Interview with Lisa Guernsey, Author of Into the Minds of Babes

In 2004, the American Academy of Pediatrics announced that all screen-based viewing for children ages two or under should be avoided completely. At the same time dozens of “brain boosting” DVDs, videos, and interactive products hit the marketplace with claims of being beneficial to child’s cognitive development. Many parents are torn. What is the right thing to do for their child?

Lisa Guernsey's book Into the Minds of Babes - How Screen Time Affects ChildrenIn Lisa Guernsey‘s book, Into the Minds of Babes – How Screen Time Affects Children From Birth to Age Five, she explores many of the media claims about screen time and young children. She digs deep into the world of child research and not only investigates which research is credible and which is not, but she also makes the material accessible for the everyday parent along the way.

After reading her book I’ve had the opportunity to see Lisa speak a couple of times at conferences that focus on children. At a recent conference I spoke with Lisa about her book.

Scott Traylor: Lisa, let me start by asking you a little bit about yourself – who you are and how you came to writing your book.

Lisa Guernsey: I’m an education technology reporter. I was writing for the New York Times Circuits section about online media and other technologies, then I had kids. The story I tell in the book is that I had a colicky baby and I couldn’t get her to stop crying or fussing. I was completely lost. My eyes were opened to the trying routine of having and caring for a baby. Friends suggested trying the Baby Mozart videos to calm her. They referred to these videos as baby crack. I wasn’t fully considering what I was doing; I was still a bit overwhelmed by being a new parent. I was trying to figure it all out. It wasn’t until later, when I had my second child who was not colicky, that I was able to start seeing how babies respond to different types of stimuli, screen-based or not. I started to ask myself: Which videos do my children understand and which ones do they not understand? Are they able to remember what they see? Do some parts make sense to them because it’s part of their world? I had so many questions about how they respond to media that it led me to search for related research on the subject.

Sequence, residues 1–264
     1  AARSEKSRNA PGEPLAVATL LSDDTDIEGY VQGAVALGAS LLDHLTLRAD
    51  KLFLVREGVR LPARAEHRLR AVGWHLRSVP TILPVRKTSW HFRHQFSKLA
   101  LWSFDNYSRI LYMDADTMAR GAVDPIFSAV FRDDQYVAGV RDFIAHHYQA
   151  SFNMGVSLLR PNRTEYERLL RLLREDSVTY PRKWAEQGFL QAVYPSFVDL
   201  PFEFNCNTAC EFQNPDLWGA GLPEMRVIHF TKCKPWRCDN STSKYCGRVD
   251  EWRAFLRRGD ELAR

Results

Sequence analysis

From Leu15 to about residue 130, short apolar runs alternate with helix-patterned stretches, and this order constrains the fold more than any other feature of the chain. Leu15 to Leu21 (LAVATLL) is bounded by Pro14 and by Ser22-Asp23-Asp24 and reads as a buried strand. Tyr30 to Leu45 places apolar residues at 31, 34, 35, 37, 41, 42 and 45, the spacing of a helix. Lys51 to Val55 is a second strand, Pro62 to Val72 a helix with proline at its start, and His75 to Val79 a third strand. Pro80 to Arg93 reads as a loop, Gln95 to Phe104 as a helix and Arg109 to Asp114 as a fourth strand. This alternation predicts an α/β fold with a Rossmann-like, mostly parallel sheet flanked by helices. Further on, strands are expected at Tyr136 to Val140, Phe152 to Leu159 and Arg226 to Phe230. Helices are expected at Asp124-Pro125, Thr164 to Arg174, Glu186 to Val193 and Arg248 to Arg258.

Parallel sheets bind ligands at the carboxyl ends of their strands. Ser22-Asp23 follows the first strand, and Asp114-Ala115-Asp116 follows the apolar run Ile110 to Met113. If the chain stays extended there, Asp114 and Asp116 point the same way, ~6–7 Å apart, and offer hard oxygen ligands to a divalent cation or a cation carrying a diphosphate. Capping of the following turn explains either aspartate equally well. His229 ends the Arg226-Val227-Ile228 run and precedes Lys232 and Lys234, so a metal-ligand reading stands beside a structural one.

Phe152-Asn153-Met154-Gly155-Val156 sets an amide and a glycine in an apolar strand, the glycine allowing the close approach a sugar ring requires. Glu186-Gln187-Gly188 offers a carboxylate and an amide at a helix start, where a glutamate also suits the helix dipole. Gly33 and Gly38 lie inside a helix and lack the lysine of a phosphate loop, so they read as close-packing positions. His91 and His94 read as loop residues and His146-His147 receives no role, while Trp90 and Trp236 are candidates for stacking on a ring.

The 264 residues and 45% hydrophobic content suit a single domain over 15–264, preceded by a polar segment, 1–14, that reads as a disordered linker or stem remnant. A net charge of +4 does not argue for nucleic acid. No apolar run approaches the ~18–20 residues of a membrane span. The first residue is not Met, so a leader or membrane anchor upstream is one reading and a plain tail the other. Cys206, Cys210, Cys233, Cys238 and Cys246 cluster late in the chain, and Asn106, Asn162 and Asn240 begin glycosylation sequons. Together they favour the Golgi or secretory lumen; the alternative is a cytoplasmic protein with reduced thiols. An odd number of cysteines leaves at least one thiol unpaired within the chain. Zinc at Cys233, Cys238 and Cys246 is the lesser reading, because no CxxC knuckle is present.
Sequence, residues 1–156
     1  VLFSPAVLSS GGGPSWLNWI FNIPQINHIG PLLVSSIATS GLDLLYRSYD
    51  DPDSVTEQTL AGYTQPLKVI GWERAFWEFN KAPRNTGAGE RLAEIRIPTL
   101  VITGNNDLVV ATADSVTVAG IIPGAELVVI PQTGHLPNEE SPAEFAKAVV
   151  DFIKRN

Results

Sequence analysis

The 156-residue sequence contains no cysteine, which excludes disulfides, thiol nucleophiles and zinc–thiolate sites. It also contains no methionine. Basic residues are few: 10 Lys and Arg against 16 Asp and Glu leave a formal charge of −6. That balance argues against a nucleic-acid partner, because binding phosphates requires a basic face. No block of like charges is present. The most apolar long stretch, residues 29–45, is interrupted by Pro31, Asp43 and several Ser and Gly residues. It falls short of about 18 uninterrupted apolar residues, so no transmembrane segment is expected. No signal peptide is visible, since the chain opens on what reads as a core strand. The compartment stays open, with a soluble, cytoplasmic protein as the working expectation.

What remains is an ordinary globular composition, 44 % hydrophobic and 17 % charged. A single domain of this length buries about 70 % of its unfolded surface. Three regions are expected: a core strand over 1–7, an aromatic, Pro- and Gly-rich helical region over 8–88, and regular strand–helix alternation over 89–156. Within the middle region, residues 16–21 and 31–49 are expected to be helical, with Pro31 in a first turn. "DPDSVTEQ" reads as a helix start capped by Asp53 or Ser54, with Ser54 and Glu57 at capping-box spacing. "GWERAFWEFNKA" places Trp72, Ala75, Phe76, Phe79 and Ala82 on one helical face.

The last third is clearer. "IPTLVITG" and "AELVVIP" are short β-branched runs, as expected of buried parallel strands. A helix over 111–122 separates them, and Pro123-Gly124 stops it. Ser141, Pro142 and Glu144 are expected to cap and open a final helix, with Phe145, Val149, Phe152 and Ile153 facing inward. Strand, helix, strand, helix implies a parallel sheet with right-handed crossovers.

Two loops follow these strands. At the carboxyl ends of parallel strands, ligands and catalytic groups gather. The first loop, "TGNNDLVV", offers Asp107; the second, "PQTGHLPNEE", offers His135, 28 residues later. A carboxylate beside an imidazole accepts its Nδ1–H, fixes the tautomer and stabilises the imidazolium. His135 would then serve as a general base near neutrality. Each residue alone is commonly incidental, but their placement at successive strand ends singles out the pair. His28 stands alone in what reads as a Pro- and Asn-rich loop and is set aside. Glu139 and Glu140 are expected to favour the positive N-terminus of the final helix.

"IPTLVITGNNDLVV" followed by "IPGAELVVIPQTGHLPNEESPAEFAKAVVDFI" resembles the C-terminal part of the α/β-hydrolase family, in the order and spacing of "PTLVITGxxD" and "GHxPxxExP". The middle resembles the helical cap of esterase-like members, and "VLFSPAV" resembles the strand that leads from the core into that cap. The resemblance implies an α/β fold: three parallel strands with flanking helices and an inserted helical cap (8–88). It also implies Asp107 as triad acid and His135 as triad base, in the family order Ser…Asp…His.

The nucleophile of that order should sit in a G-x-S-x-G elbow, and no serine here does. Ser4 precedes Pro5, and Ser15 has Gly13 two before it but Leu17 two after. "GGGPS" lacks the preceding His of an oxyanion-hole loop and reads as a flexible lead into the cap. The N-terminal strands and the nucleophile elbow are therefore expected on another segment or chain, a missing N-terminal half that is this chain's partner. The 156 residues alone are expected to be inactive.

It was in April of 2004 when the American Academy of Pediatrics released a report in its journal by Dimitri Christakis and other researchers that had linked attention deficit problems (not ADHD) to television viewing at early ages. I remember being struck by this article, asking myself, What do we know about the brain and how it’s wired? As a parent, I should really know this information.

A few months after the release of this report, I wrote a piece for The Washington Post which took a deeper look into this issue through the eyes of a parent. Screen media is all around us, and to be told your babys brain is going to be rewired as a result of watching something on-screen is a very scary thing to a lot of parents.

After my article was published I received a lot of response from parents who wanted to know more about the papers findings. I also heard from a publisher who was interested in having me write a longer treatment on the topic. I started contacting more researchers who have been part of studies about children and their ability to learn from watching videos. It was a real eye opener because theres so much information that parents arent being told about media and kids. What they hear tends to be two polar opposite messages: The first message says screen time is really bad for your child and parents should do everything they can to eliminate it. The second message says cognitive stimulation is good for your baby and that these baby videos can help in achieving that stimulation. Parents arent hearing any answers to basic questions like What is good for a 2 year old? Is it possible my child really did learn the word backpack at 16 months from watching Dora the Explorer? While what I saw as a parent led to me think that it is possible that learning can occur through watching screen media, some researchers were saying it’s just not possible to get anything from screen media.

ST: So after writing The Washington Post article, you found a publisher interested in having you write your book.

LG: Yes, a publisher contacted me. I went through the process of writing a proposal and doing all the research. But ultimately they decided not to run with my proposal. It was disappointing. Even though this publisher wasn’t interested in my idea, I was finding so much interesting information I thought someone would find it compelling. My husband encouraged me to continue shopping it around. Some time later I found an agent who was interested in taking on my project and my agent found the right publisher interested in the idea.

ST: How did you prepare for writing your book? Theres a lot of research out there, especially related to television viewing and children. I imagine it was hard to know just where to begin.